That’s it, now the function is available to import it as a Python module. Simply call it by

import myflib
import numpy as np

a = np.array([[1,2,3,4], [5,6,7,8]], order='F')

Also, it is important to remember that C and Fortran employ different array orderings. Python normally employs the c-style row-major-order, while in Fortran the column-major-order is employed. By setting the Numpy order property to ‘F’ we are complying with the Fortran ordering.

Fmodpy example

An alternative method to automatically produce wrappers is to rely on fmodpy.

Let’s test the above example with fmodpy.

First, we have to install fmodpy, which is a Python package.

python3 -m pip install fmodpy

And then we can use it from within Python directly:

import fmodpy
import numpy as np

# This will compile and import the Fortran code.
# (will also recompile if Fortran source changed since last access!)
myflib = fmodpy.fimport("my_fortran_lib.f90")

a = np.array([[1,2,3,4], [5,6,7,8]], order='F')

That should give the same result as above.

A few advatages of fmodpy over f2py, besides this nice live recompilation feature, is that as it is built using iso_c_bindings on the fortran side and ctypes on the Python side, which are more modern features to what F2PY , which since the beginning has empasized compatibility with old F77 codebases, is using. (to the best of my knowledge, as there are no mentions to iso_c_bindings in the f2py source code).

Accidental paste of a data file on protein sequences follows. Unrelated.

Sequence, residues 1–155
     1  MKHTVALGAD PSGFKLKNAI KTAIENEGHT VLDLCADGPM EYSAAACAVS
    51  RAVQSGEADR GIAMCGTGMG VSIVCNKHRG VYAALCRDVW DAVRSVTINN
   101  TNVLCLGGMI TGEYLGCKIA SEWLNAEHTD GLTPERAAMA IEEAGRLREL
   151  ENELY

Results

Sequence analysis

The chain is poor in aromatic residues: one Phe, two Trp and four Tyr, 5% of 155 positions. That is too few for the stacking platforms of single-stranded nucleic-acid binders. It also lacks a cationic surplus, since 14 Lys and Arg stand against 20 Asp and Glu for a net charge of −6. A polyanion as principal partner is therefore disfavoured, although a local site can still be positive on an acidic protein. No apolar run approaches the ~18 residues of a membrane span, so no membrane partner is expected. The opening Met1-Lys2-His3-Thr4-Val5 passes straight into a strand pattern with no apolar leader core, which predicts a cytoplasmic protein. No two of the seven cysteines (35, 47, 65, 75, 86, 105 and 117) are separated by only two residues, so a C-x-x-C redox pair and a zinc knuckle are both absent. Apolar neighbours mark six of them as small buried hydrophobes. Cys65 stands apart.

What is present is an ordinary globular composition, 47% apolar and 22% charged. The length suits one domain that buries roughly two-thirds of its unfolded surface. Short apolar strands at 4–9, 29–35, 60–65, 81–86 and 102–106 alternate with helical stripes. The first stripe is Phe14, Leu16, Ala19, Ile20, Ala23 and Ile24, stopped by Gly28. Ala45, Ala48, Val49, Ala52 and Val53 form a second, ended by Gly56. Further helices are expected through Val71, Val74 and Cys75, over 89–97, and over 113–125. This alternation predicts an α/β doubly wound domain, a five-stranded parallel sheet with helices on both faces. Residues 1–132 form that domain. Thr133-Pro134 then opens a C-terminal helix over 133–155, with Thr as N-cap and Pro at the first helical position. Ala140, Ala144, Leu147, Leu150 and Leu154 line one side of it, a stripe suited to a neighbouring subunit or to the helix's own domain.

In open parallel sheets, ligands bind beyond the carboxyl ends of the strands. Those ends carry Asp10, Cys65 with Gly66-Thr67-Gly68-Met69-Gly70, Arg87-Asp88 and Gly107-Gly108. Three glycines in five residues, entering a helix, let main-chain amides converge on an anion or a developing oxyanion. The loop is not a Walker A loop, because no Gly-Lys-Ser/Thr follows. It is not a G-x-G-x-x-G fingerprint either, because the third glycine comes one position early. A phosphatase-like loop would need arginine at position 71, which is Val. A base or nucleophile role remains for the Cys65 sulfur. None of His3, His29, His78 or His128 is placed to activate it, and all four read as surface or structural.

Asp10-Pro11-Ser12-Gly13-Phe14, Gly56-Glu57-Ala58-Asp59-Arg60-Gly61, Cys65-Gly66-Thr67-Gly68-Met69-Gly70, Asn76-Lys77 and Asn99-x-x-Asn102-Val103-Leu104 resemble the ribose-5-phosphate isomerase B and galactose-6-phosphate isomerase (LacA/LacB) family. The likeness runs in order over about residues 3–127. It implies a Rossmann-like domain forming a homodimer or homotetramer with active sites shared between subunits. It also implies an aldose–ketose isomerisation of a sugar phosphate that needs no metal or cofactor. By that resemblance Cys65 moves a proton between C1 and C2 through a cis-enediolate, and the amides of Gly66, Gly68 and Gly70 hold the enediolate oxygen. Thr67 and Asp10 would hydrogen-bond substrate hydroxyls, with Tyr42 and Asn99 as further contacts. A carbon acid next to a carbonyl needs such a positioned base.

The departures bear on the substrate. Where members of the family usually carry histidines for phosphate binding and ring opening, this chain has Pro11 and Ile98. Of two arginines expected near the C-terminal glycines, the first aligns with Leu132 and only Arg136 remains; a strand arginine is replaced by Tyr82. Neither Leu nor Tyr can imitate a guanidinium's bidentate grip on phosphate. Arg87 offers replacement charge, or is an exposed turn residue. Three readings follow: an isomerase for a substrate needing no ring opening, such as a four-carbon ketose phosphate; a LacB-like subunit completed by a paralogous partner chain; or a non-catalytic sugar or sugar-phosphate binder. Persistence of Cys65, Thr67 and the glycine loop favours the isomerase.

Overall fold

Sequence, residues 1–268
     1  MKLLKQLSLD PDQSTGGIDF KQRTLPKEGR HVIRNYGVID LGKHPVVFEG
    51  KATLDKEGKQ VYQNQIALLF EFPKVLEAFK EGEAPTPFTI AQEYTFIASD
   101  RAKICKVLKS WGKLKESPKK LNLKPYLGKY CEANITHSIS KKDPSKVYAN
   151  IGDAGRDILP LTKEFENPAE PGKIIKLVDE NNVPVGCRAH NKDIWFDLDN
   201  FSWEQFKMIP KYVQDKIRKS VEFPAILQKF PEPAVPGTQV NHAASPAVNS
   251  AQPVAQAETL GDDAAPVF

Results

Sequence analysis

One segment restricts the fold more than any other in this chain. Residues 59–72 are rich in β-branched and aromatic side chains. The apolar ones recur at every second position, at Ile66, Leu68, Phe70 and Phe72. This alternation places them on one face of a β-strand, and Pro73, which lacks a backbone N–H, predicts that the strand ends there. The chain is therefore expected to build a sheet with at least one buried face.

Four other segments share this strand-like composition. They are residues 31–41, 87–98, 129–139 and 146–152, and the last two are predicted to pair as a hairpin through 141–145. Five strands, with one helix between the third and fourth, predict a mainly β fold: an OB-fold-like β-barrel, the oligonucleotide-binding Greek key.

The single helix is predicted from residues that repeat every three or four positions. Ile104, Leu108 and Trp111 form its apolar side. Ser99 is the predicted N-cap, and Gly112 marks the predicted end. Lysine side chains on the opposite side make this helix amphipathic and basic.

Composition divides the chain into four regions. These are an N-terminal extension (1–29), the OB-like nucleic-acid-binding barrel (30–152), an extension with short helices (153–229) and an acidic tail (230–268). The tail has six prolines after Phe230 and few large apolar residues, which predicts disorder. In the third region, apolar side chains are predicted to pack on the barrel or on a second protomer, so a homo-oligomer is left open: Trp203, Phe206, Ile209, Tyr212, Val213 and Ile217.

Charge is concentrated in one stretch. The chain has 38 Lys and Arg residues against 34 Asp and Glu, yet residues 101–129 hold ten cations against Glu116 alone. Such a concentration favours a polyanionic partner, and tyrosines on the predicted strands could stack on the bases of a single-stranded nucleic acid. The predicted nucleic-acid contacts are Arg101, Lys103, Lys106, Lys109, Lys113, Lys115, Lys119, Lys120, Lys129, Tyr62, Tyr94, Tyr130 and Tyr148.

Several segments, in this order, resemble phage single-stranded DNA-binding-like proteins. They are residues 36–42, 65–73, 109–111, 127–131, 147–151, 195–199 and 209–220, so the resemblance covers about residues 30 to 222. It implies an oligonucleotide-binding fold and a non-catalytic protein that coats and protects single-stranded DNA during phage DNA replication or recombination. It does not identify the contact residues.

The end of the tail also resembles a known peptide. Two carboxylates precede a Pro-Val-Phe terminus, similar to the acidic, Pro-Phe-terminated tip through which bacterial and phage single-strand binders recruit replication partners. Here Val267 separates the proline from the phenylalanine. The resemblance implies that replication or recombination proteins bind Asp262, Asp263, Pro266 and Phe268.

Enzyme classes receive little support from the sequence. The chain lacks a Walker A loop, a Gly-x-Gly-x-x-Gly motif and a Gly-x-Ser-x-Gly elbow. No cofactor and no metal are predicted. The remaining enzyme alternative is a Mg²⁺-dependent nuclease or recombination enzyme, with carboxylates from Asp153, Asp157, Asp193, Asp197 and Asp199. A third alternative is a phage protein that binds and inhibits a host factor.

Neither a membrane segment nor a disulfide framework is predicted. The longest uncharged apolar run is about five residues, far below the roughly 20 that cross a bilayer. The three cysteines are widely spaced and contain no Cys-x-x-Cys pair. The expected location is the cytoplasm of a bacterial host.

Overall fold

For example, f2py is known to have issues under windows (see official docs on F2PY and Windows). I’m not a windows user, so I can’t really tell you.

How iso_c_bindings and ctypes work

Besides using automated libraries like f2py or fmodpy, sometimes wrappers need to be written manually.

In this case, the best way to do this (for enhanced reliability and compatibility), is by relying on iso_c_bindings on the Fortran side, and ctpyes on the Python side.